When can RMSEA be zero?

If $\text{RMSEA} = 0$, it means $\chi^2 < df$.

Does it disqualify RMSEA as a criterion to evaluate the model fit, or is it just the explanation why it is zero?

$\chi^2_p < p$ is not such an unusual phenomenon: it should be happening about half of the time with perfectly specified models (including the multivariate normality distributional assumptions). RMSEA is a monotone transformation of non-centrality:
$${\rm RMSEA} = \sqrt{\max\biggl(\frac T{(N-1)p},0\biggr)}=\sqrt{\hat\lambda/p}$$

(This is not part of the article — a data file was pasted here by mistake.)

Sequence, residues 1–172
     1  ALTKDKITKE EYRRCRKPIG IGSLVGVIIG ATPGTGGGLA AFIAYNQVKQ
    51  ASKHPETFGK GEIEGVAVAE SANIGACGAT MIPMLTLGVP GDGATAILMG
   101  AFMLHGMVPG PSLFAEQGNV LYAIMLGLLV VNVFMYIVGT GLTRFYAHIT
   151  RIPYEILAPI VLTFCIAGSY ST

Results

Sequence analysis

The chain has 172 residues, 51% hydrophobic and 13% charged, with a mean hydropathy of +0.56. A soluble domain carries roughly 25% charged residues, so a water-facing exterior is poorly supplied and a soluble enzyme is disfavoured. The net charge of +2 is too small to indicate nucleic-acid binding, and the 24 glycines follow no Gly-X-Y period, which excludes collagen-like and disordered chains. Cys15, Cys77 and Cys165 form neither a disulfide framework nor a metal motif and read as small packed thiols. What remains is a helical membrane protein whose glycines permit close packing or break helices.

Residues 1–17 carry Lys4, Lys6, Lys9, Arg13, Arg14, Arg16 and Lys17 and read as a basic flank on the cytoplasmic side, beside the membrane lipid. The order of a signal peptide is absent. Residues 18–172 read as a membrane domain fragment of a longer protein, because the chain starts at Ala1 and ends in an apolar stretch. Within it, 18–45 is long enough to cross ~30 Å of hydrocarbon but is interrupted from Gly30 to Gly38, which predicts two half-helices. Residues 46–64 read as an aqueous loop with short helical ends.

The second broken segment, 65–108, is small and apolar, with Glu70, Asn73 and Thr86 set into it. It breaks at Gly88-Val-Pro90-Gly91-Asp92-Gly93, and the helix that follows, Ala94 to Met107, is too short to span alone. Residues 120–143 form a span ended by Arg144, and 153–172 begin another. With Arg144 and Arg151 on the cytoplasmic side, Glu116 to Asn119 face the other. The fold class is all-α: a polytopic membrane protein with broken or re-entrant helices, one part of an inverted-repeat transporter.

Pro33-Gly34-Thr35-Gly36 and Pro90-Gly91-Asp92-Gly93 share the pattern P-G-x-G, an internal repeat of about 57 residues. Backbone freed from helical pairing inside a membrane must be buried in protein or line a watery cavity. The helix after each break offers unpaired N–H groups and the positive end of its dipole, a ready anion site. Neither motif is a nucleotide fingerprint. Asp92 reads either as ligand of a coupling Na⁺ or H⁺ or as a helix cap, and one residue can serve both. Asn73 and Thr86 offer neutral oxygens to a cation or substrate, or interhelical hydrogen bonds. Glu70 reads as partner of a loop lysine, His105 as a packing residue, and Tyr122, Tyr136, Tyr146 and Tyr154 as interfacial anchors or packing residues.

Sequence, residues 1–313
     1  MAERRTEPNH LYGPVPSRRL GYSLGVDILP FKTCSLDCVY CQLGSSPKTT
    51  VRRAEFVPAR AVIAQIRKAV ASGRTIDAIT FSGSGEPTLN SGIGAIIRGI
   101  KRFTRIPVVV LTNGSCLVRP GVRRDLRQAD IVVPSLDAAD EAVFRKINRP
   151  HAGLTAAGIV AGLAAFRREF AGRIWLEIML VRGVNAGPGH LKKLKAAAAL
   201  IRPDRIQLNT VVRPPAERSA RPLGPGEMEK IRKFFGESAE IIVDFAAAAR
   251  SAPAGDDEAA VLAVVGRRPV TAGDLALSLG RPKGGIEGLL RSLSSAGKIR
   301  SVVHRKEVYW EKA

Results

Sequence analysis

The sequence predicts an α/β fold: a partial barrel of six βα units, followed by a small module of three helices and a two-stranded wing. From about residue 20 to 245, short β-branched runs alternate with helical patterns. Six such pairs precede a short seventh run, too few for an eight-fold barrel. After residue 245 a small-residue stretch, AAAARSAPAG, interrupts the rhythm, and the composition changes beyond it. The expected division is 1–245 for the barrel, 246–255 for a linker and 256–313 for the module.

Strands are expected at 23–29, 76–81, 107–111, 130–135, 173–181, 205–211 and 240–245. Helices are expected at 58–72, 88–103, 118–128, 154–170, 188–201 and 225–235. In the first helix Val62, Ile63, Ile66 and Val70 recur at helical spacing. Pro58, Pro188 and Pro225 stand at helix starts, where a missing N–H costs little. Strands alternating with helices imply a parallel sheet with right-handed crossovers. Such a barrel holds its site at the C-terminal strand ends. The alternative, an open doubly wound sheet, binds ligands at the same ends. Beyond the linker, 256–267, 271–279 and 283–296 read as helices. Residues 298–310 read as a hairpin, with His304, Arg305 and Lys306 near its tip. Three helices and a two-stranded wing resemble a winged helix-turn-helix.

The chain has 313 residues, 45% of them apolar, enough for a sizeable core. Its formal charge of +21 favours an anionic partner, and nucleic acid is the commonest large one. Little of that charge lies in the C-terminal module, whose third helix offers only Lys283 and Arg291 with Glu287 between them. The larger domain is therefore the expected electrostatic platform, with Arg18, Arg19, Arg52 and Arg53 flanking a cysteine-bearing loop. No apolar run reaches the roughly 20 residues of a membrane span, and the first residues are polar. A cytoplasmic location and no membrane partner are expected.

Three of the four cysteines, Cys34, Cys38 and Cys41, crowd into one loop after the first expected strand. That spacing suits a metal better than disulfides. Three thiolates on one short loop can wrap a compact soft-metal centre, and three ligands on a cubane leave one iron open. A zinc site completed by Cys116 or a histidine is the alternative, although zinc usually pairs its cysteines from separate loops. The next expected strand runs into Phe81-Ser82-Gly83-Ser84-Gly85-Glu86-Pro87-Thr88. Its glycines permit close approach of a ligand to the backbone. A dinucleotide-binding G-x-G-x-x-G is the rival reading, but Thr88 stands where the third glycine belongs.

where $\hat\lambda$ is the estimated normalized (per observation) non-centrality. I take the latter to be a more fundamental property of an SEM than RMSEA (the latter is prone to weird inconsistencies, see Chen, Curran, Bollen, Kirby and Paxton (2008), SocMethodRes). For these perfectly specified models, the population non-centrality is zero, and thus the estimate coincides with the population value in the samples in which chi-square is less than the degrees of freedom (which, if you think of it, is a pretty rare property: when you estimate a mean or a regression coefficient, the probability that the estimate is equal to the population quantity is zero).